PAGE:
I agree with you on the first sentence, disagree with you on the second. I care for the rights of all folks because I care about this country. If you throw away the rules when they are in the way of getting at bad people, you will eventual throw away the rules whenever they limit those in power from exercising their will. Then bad people will get in power, just so they can exercise their will.

Good points Maxed-Out-Mama, as I said, indeed to read the decisions and do a little research.

Well rather long winded but hopefully some of my points are clarified.
 
“ 'The answer is that survival of civilization as a whole must, in the end; take precedence over individual cases because if civilization is lost then ALL individual cases are lost. ...'

Sorry fellow you are totally wrong here. What you just wrote above was the sort of justification that the Soviets used for all of their terrible acts: the ends justify the means. The basic problem is, you never get to the end, and the means just get more and more extreme, all in the name of some cause. ...
... What is civilization if it is not individuals acting in restrained ways beyond their baser natures?"

The answer lies in an old observation by a wiser Supreme Court: The Constitution is not a suicide pact. It is at that point that you stop.

A sharper line is the difference between an attack within civilization and an external (or internal) attack on civilization. The importance of this line is highlighted by the attention paid to the crime of Treason (including its specific mention in the Constitution) because in that crime the line is crossed. Cop-killing, threats or violence against judges, jurors, and lawyers for the purpose of frightening them from their jobs eat at the edge of the line, too.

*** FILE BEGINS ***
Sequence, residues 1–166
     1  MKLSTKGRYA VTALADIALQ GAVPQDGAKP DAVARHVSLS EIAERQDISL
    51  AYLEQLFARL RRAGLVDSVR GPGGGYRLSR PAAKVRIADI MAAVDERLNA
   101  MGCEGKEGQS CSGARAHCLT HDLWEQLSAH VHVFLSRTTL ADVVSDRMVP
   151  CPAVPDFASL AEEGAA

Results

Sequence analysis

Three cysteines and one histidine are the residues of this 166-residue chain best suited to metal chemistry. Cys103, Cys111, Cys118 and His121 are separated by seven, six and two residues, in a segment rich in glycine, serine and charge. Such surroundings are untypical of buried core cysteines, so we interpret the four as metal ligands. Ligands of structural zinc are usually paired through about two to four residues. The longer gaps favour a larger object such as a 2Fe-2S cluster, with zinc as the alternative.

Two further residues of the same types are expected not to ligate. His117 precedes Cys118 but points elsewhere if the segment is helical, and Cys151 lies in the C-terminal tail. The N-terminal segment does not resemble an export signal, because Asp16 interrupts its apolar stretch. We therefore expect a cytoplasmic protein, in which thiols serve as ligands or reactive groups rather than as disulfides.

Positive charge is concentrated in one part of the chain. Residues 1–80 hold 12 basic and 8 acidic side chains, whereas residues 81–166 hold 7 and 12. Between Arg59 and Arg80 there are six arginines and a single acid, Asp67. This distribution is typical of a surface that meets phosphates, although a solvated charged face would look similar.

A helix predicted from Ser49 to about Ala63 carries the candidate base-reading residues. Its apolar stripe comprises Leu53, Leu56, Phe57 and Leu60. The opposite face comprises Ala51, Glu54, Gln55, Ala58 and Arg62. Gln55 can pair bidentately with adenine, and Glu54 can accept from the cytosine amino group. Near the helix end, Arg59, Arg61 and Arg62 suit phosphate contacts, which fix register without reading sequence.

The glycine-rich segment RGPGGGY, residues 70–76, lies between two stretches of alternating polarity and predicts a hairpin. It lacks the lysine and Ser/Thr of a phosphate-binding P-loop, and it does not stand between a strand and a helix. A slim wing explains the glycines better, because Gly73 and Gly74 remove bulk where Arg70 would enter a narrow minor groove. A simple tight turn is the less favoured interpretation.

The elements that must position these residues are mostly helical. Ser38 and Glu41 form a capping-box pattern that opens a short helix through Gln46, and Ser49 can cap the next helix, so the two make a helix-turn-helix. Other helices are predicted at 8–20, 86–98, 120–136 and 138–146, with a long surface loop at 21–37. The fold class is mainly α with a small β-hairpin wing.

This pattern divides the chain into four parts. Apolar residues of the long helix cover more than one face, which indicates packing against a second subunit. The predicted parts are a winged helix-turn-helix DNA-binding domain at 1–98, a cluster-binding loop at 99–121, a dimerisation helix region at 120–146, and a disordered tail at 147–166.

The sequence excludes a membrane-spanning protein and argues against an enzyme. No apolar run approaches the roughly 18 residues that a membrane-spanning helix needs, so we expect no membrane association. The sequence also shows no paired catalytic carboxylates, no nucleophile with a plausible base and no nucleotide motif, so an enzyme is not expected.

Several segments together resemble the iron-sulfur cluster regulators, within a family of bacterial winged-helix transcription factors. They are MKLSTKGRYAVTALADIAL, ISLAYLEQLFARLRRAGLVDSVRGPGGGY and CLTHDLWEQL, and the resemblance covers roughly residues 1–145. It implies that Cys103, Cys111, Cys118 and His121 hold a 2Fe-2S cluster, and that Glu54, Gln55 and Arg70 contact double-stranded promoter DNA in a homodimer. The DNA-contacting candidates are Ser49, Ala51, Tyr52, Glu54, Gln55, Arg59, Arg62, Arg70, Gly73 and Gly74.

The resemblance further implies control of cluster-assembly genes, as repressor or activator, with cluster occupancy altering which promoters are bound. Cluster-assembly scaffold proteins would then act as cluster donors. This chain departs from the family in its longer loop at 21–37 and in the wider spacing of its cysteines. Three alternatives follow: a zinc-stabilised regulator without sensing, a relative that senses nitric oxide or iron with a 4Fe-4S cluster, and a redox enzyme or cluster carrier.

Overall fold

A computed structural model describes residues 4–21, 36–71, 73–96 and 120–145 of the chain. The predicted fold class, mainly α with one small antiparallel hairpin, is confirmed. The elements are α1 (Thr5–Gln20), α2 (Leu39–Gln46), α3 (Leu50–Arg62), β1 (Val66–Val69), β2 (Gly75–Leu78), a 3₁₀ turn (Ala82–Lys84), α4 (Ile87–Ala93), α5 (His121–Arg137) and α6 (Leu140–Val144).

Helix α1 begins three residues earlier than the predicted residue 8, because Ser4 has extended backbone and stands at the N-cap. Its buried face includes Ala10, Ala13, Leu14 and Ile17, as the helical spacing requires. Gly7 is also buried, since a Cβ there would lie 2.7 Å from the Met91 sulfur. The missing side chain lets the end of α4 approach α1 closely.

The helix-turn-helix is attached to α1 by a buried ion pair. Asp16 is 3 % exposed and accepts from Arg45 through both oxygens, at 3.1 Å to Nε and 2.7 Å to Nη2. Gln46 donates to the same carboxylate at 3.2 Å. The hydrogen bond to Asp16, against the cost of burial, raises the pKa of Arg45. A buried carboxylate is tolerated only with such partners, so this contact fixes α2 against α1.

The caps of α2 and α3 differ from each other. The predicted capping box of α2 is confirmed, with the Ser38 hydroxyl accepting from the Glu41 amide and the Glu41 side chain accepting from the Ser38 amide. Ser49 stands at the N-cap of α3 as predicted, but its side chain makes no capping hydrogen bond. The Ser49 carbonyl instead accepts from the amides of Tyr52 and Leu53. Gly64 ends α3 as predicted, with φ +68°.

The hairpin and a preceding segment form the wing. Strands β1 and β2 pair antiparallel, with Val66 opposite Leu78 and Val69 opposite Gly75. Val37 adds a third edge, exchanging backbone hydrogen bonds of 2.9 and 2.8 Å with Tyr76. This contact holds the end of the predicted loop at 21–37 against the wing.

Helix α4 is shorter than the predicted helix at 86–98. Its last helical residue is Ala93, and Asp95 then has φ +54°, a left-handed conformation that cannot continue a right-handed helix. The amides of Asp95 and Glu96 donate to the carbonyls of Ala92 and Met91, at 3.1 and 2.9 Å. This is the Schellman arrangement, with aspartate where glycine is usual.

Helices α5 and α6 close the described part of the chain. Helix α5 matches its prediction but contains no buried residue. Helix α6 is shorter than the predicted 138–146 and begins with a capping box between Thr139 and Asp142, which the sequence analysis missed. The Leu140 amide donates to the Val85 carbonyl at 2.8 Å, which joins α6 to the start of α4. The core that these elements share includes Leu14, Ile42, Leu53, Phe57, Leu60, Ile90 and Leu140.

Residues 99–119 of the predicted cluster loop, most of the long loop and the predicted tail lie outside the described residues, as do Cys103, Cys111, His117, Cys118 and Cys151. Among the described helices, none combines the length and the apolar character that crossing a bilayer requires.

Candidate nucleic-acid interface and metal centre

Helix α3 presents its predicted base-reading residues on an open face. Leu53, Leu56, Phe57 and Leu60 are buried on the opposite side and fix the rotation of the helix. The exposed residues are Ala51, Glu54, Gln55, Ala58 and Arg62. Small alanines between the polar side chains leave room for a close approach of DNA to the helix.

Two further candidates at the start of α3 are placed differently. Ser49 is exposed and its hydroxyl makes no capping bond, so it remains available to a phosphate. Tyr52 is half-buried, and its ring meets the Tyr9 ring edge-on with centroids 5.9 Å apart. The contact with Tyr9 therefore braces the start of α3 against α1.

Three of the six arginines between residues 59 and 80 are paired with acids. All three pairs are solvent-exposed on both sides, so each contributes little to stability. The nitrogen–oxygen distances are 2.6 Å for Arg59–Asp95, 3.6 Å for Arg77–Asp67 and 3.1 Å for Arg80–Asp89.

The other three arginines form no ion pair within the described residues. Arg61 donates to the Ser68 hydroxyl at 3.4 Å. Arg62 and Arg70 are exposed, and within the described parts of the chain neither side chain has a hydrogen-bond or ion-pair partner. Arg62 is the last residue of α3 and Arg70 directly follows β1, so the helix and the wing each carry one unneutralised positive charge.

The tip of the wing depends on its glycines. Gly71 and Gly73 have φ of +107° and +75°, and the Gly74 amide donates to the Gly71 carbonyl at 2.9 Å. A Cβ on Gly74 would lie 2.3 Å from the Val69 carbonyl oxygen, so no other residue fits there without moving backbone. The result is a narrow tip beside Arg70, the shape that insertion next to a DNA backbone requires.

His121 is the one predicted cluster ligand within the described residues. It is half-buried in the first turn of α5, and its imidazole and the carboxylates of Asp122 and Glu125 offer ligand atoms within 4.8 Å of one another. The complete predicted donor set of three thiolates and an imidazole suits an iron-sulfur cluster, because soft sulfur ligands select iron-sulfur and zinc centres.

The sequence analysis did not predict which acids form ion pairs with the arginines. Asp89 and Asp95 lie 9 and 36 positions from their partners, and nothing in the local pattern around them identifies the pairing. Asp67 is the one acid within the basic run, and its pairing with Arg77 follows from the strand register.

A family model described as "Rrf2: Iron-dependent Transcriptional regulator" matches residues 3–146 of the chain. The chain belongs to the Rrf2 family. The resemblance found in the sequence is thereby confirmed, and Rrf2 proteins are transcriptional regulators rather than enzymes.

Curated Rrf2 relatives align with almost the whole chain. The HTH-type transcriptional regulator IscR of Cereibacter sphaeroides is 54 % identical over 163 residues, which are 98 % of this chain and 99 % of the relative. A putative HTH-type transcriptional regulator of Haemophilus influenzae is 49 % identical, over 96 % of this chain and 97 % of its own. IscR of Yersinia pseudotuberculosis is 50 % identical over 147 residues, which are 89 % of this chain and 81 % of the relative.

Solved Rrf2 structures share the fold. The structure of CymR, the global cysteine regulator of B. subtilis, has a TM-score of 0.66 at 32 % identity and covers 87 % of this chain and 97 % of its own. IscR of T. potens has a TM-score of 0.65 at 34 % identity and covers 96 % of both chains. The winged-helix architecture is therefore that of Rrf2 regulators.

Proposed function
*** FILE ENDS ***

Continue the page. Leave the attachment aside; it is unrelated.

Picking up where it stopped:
But when someone outside the country engages in warlike acts against the country or its citizens without the legitimacy or uniform of a State, we must be able to respond appropriately to the warlike actions. Were the actor a State, our course would be clear: a POW can be held; a war criminal can be held until it is convenient to try and execute him. Here the actor is not cloaked in the majesty of a State, and that is why we are having trouble. Once we recognize it, we can understand what principles must apply: There is no authority whose destruction will end the war nor whose declaration will constitute a surrender. Therefore any provision of mercy based on the expectation that the enemy can be defeated or forced to surrender in that fashion is based on false premises. (This answers the question of how long he may be held. The answer has always been "just as long as is necessary." That remains the necessary and sufficient answer. We will need to hold him for a longer time than we are used to, but other civilizations have had to defend themselves through multi-generation wars.) Yet the actor is attempting to destroy or suborn our State and our civilization, and we must have the appropriate means of action, nor may we reasonably cede to him our own courts as part of his battlefield.

What is needed is what von Clausewitz called a critical analysis. (If you have not read vom Kreig I recommend it to you, along with The Federalist.) In the meantime there are some precedents that may apply. In the nineteenth century, an international convention declared pirates the common enemy of mankind, which meant that they could be hunted without mercy and with the protection of the principle of hot pursuit. We are not yet at the point that we can do this with terrorists because many operate under the tacit or clandestine protection of a State. In this they are like privateers, though privateers generally were interested in treasure rather than in power or martyrdom. But the observation gives us a precedent to consider and a place to begin analysis.

I strongly recommend that anyone who wants to think seriously about this subject read Philip Bobbitt's The Shield of Achilles, which traces the development of our modern understanding of a State. The State's legitimacy is ineluctibly linked to its monopoly on internal violence and its duty to external violence when that violence is necessary. Warning: do not skip over or skim the introduction; it is the foundation of the book. Read it seven times if you must; go on once you understand it. And if you can't understand it, grok it, bellyfeel it, understand then that you have not crossed the pons asinorum.
 
The purpose of the state is to protect its citizens.

Period.